Type of civil lawsuit where a Stakeholder is holding property or funds that 2 or more people are attempting to claim - Court decides what the stakeholder should do. (The antique store owner in the ring complaint or real estate deposits)


What is a class action lawsuit?

One in which the plaintiffs are too numerous but have the same cause / case. A class action must be certified - no set # of people needed - participation is optional - but if you do participate you waive your right to sue independently separate from the class. Reps are chosen to lead the case and the interests of the class


What is an Intervention?

Having a stake in the outcome of a case and you become a party to the case.


How are motions presented?

Can be verbal or written but usually written -- If a judge is under Admission or Advisement that means he is saying "I'll think about it"


What is Ex Parte?

Only one side is present - no notice to other side - usually only in emergency level situations - normally other side must be notified.


What is a Certificate or Affadavit of Service?

A doc showing proof notice was mailed


What is a Motion for Judgment on the Pleadings?

A motion usually filed by Plaintiff asking court to END lawsuit and enter judgment in their favor - It is a hearing before the Judge he looks at the COMPLAINT & ANSWER only and either approves the motion and enters judgment or says No there will be a trial. This occurs VERY EARLY in the lawsuit.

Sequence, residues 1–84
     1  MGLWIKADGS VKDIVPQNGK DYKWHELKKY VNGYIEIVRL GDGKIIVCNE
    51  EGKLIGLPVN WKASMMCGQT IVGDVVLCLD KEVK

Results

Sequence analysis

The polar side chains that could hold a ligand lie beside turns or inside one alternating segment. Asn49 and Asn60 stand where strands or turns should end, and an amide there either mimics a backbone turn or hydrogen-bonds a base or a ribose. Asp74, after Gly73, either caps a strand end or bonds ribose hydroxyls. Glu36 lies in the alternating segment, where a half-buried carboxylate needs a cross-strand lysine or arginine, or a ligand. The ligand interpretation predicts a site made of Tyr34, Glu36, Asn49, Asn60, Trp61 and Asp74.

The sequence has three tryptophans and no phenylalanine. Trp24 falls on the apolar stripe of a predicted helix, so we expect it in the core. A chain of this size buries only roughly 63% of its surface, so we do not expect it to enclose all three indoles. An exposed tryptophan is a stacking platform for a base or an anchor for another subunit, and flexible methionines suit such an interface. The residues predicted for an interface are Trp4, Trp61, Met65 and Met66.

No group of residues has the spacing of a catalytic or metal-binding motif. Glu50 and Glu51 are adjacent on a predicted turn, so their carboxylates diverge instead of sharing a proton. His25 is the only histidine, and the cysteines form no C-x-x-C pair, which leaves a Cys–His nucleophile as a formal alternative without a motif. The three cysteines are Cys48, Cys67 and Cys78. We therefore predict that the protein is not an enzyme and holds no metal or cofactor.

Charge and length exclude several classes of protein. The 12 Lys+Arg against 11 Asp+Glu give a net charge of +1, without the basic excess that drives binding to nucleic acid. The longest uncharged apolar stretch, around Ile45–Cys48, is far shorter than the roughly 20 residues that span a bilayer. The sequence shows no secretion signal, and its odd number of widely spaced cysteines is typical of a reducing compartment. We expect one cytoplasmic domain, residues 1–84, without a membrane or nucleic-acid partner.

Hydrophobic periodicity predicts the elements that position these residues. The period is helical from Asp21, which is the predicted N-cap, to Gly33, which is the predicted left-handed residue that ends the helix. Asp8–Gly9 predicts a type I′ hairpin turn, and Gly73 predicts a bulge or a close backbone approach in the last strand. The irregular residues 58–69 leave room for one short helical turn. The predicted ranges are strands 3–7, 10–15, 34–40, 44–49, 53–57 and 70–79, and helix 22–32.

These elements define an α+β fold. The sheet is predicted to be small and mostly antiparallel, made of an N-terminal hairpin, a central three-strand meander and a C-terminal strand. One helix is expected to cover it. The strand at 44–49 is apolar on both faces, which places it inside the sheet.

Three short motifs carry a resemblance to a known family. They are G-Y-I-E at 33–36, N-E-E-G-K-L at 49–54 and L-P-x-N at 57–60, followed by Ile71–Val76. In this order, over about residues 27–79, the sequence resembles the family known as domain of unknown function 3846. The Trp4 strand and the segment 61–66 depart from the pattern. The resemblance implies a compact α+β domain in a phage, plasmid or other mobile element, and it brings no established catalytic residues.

What is a Motion for Summary Judgment?

A motion filed by either party claiming that There is no genuine issue of material fact AND are entitled by law to judgment in their favor. This is like a Mini Trial where evidence and testimony are taken by the court and reviewed. This occurs LATER in the lawsuit usually.


What are Rules 55A and 55B?

55A - Defendant Defaults - No answer - ignores lawsuit -
55B - Is the motion for Default Judgment because Defendant isn't participating



When there is no question of amount of $$ involved and you have to show extreme likelihood you will succeed w/ lawsuit.


What are Provisional Remedies - List 4

Provisional Remedies are things you can ask for while lawsuit is pending.
1. Temp Restraining Order - Immed Irrep Harm
2. Prelim Injunction - Extension of Temp RO
3. Lis Pendens - Official Notice at Reg of Deeds puts public on notice of pending dispute
4. Writ of Attachment - Lien - Prop is seized to satisfy a judgment NOT YET RENDERED. For real property it gets recorded at Reg of Deeds and for $$ 3rd party is served - Bank holding your $$ or Employer holding your wages


What are the basic Rules of Civ Procedure on Evidence?

- Evidence is either Admissible - allowed, heard considered or Not Admissable - Not allowed - All evidence is one or the other.

- Evidence MUST be Relevant & Reliable

- Best Evidence Rule is to Produce the original document not a copy.

- Witness Testimony MUST be first hand


What are the 5 exceptions to Relevant Evidence being Not Admissible?

- Relevant Evidence can still be Not Admissible
a. Remedial Repairs
b. Offers to Settle Case
c. Evidence of Insurance
d. Character Evidence
e. Illegally Obtained Evidence


What are exceptions to Reliable Evidence?

There are TONS - Exceptions "swallow" the rule.
the big one though is HEARSAY


What is HEARSAY?

It is oral written or non-verbal
statement made out of the court
by somebody else at the trial
Being offered to prove its truth
It is notoriously UNRELIABLE and excluded